Let’s Have A Gala Time With Colors !


                   SHOP SELLING HOLI COLORS


India, a land of rich culture and diverse heritage has many festivals. Holi ! the colorful festival of fun and joy has been one of my favorite out of the dozens we Indians celebrate. The mere thought of this festival fills me with excitement and enthusiasm.


I have always associated Holi with a time of great festivity, joy and love. Traditionally, during Holi, even enemies, turn into friends and forget any past grudges or hatred. This is the true essence of the festival. The colors spread their cheer all around, filling each corner with happiness and joy. Colors are definitely the main attraction and highlight of Holi; making it so popular with kids, irrespective of religion, caste, social status, or economic background.


Colors make for some of the strongest and fondest association in our brain. They can change even our moods. Colors evoke different emotions and responses ; eg: Yellow for comfort, Blue for trust, red for energy; and when they are all combined together as in Holi, they denote the strongest emotions of love and happiness.

Soon, it will be time to celebrate the fun filled Holi again, with colorful gulal and balloons, delicious gujiyas, and the cool thandai.

The very word Holi evokes such fond memories of fun, laughter and reunions . As a child, I literally used to start counting the days for Holi as soon as month of March began. Growing up, we would eagerly look forward to the colors, water-guns, balloons and off course the delicacies that were prepared on holi.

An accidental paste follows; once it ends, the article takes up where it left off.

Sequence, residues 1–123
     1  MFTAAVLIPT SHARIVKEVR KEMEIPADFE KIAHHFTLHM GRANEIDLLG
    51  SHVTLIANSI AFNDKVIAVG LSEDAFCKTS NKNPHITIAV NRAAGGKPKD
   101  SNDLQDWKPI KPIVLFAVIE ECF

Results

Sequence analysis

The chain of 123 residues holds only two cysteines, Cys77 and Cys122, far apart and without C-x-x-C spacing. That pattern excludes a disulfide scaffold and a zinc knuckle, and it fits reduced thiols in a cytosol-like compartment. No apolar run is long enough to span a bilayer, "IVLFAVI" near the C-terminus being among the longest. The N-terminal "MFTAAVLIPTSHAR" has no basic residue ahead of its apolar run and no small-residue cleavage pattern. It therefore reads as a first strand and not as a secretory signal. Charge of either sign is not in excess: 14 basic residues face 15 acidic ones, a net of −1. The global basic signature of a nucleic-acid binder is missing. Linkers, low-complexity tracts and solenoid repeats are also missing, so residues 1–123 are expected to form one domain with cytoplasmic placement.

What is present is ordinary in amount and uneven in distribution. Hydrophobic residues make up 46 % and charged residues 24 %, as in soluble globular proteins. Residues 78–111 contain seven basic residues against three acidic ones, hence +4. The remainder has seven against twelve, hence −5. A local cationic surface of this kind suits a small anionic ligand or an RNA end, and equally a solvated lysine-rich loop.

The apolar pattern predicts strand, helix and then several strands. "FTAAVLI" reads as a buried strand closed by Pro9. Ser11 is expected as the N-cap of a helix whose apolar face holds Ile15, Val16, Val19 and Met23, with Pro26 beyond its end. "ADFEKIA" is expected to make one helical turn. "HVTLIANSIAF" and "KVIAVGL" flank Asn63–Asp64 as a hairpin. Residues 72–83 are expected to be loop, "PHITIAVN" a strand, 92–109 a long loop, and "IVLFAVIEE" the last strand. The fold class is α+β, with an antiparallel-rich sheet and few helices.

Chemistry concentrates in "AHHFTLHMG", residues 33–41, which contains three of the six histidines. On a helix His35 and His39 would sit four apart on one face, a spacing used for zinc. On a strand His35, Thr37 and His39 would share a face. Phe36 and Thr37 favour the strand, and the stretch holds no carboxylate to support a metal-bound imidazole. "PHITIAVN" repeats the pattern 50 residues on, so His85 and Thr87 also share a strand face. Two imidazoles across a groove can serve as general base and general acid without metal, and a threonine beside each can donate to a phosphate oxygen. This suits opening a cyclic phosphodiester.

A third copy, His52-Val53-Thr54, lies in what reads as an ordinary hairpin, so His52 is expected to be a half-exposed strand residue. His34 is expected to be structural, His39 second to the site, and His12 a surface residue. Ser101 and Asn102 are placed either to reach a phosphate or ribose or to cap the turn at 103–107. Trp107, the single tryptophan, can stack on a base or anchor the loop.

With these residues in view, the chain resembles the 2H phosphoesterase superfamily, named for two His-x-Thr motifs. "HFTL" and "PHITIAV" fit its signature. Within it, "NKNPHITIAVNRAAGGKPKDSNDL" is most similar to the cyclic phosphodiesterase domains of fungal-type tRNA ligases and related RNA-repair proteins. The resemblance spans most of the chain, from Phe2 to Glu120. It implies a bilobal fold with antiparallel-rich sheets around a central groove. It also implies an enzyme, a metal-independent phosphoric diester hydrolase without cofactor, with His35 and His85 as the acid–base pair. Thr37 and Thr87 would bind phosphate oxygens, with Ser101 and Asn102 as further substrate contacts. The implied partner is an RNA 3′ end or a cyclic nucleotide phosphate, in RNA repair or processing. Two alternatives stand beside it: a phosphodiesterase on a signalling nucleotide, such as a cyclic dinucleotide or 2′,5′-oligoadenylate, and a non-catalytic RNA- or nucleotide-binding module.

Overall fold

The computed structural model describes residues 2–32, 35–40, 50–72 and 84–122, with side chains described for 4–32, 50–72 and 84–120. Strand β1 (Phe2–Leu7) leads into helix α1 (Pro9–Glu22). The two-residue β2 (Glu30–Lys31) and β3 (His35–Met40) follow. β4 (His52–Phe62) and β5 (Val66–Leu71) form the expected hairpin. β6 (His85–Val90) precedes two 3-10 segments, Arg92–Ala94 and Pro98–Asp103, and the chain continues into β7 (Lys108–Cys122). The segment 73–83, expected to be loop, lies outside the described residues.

Having spent an almost nomadic childhood with frequent transfers to different parts of India, I have celebrated Holi in different styles, unique to each region.  When I look back and revive the experiences of my childhood  Holi celebrations, my most precious memory is of Holi spent in ‘Aligarh’ – a city in North India.


Holi was celebrated in its complete form and in its full glory in Aligarh,  with everyone participating with great enthusiasm and joy.What made Holi even more special is this city was the ‘true spirit of holi’ that promoted goodwill, and unity.


Holi preparations started almost a week in advance. The most interesting part was the preparation of herbal colors in each home, to be used for playing holi. No one used chemical colors as according to religious tradition, only herbal colors were allowed.



To prepare the color, dried Palash or Tesu flowers (flame of the forest)  were soaked in water for about two days, then strained to get a dark orange concentrate of herbal color. Later, this was diluted for use on the day of  Holi.


This color was completely natural and thus completely safe not just for our skin, hair and eyes, but also for the environment. The wonderful smell of the Palash flower seeped into the color and when this was sprayed on each other during Holi celebrations, it imparted a nice, soothing fragrance to the whole atmosphere.


The festival started the night before the actual’ Holi’ with Holika Dahan (Bonfire) being lit in an open ground of the colony I lived in. It signifies the’ victory of good over evil’. The legend of Haranyakashyap and Prahlad ( in which Prahlad tolerates all the torture of haranyakashyap but does not give up his path of truth), helps to strengthen our belief in righteousness and honesty.

People gathered around the bonfire and roasted the new wheat stems in the pious holi fire and later these grains were offered to each other as a token of welcoming the new harvest of crop and thanking mother nature for her abundance.


We kids waited for the next morning with great anticipation. Often, we were not able to sleep due to over-excitement. We would irritate the younger siblings and cousins by drawing mustache on their face using kajal (black eye liner). #BuraNaMaanoHoliHai  (All mischief is allowed on Holi)


The next morning we woke up early to welcome the ‘carnival of colors’. We had a quick breakfast so that we could hurry and start playing with colors. But elders allowed us to venture out of the house only after coconut oil had been applied all over our skin and hair. This was to prevent color getting soaked in skin; thus helping in their easy removal after holi. The coconut oil also acted as a natural block to the sun rays and as a natural moisturizer for the hair.